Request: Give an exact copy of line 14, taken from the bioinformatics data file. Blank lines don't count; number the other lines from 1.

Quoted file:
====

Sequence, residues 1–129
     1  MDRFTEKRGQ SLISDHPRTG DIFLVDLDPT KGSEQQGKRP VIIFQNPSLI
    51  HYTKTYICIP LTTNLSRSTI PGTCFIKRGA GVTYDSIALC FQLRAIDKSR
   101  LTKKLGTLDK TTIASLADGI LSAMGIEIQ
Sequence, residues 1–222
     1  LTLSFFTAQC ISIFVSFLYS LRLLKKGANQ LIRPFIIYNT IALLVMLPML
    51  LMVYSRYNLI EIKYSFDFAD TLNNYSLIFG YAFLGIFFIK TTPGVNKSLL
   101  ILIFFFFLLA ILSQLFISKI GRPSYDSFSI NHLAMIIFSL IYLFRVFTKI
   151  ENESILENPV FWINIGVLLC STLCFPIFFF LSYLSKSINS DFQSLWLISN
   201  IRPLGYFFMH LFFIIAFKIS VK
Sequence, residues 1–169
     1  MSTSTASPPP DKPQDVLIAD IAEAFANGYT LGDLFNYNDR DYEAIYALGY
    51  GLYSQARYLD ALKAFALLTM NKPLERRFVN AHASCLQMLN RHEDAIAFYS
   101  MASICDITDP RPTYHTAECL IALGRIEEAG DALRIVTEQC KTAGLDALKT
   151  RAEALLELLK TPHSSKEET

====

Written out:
   101  MASICDITDP RPTYHTAECL IALGRIEEAG DALRIVTEQC KTAGLDALKT